Supplemental Security Income (SSI) is a sort of need-based disability benefit offered to those with no history of work.
This is why many impaired children and people who are intellectually and emotionally disabled frequently qualify for the Social Security Administration’s disability program (SSA). Along with meeting financial need standards, applicants must also have medical evidence demonstrating they have one of the numerous SSI-qualifying conditions.
Listings in the Blue Book and Disability Benefits
To qualify for disability benefits on a medical basis, you must have a significant impairment. The SSA’s Blue Book contains a list of conditions that meet the severity level requirements, as well as information on the medical proof required to establish disability.
This booklet explains eligibility requirements to applicants and their physicians, including the exact medical tests and other information that must be included in your medical history. Disability examiners consult the Blue Book when reviewing applicant medical records and when making SSI determinations.
They compare the medical proof and everything other information you offer in your application to the Blue Book entries. Mental diseases, intellectual disabilities, and emotional impairments are all included in Section 12.00 as qualifying conditions for SSI.
Qualifying for Supplemental Security Income (SSI) under a different listing
Physical problems or limitations are frequently associated with mental diseases and intellectual disabilities. This means that even if you do not match the requirements for one of the circumstances specified in Section 12.00, you may still be eligible for benefits under another listed condition. For instance, if you were born with intellectual disability AND kidney disease, you may be eligible for compensation under one of the Section 6.00 lists. This section discusses kidney-related conditions.
Identical to a Listed Condition
If you’re applying for SSI, you’re probably asking what circumstances qualify as disabilities. While the Blue Book has lists for dozens of diseases, not all of the SSI-qualifying conditions have their own entry. If your precise disability is not listed, the SSA may still be able to determine your eligibility for benefits by comparing your condition to a different listing’s severity level. In other words, if your illness is “comparable in severity” to one of the specified impairments, you may be eligible for benefits under that classification.
Requirements for Medical Evidence
Each disability listing specifies the degree to which a problem must be severe to qualify medically. Each of the SSA’s 14 major Blue Book sections or chapters begins with information regarding the types of medical tests and other evidence required for each of the SSI qualifying conditions.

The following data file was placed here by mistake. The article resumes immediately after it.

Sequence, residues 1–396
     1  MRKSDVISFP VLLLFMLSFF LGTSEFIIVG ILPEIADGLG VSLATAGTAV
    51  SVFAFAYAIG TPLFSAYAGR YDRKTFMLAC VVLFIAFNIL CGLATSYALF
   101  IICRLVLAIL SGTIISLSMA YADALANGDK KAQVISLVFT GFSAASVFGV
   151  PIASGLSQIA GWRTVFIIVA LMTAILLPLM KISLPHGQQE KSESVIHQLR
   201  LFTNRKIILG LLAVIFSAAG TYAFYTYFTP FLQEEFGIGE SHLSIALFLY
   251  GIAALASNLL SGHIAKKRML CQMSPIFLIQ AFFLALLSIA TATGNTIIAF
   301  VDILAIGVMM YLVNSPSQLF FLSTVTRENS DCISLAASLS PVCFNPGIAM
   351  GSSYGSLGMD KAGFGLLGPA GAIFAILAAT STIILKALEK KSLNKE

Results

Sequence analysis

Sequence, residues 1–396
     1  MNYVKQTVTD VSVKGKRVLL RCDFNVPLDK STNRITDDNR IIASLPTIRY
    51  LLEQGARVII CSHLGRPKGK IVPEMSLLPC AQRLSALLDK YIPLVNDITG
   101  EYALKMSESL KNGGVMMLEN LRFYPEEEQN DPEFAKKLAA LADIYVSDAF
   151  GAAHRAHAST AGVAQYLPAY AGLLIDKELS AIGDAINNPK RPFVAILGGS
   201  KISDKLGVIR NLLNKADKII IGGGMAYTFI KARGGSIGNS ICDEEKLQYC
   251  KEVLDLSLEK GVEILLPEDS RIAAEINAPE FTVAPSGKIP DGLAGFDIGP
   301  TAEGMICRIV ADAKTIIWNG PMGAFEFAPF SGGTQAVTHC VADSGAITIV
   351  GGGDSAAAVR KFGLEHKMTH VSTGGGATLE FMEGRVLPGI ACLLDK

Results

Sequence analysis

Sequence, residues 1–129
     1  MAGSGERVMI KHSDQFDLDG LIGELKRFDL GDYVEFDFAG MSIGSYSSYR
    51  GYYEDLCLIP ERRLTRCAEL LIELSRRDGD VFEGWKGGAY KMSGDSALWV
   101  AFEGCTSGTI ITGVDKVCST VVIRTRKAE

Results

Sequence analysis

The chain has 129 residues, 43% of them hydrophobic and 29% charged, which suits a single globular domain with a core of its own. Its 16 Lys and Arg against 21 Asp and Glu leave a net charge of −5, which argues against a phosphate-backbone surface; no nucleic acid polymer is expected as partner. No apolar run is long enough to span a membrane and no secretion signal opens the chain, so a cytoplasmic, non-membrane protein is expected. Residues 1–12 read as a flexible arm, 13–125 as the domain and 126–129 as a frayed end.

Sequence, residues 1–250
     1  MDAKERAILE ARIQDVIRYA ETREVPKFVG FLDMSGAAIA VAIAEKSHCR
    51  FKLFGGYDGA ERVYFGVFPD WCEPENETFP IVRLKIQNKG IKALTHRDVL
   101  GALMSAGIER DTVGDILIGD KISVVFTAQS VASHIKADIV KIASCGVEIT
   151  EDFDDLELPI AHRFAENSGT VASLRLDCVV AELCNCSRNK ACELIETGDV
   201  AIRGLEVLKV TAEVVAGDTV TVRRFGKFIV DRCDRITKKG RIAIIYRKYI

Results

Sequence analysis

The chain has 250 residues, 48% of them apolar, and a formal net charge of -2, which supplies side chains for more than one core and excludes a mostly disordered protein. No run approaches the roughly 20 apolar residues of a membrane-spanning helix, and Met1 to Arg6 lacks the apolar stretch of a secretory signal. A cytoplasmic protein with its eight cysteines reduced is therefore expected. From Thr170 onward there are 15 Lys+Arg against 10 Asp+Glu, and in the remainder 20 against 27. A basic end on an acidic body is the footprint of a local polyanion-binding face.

These introductions, however, may be difficult to comprehend without the assistance of a physician, as the SSA makes extensive use of medical jargon and terminology. Your doctor, psychologist, or psychiatrist can assist you in interpreting this information in order to determine if you are eligible for benefits.
Evaluations of RFCs and SSI
If you are unable to qualify for benefits based on meeting or matching a disability classification, you have the potential to still qualify for benefits based on an RFC or “residual functional capacity” analysis. The SSA examines all of your limits in greater detail during the RFC process to determine if they prevent you from working. If your RFC demonstrates that you are severely disabled and unable to obtain and maintain employment, you may be eligible for SSI. This is true even if you don’t meet one of the regular SSI eligibility requirements.
Submitting an Application for Social Security Disability Benefits
SSI benefit applications must be done in person. During the interview, you provide information to an SSA representative about your medical history, education, previous job, and financial situation. That representative completes your application forms on your behalf, which is often done at the local Social Security Administration office.
A friend, family member, disability advocate, or Social Security attorney can assist you with your claim. You may even bring another individual with you to the interview who will gather information and apply for benefits on your behalf.
The SSA is aware that many people who qualify for SSI require additional assistance with the application process. This is why they allow you to have another person assist you during the application interview; therefore, do not be frightened to apply.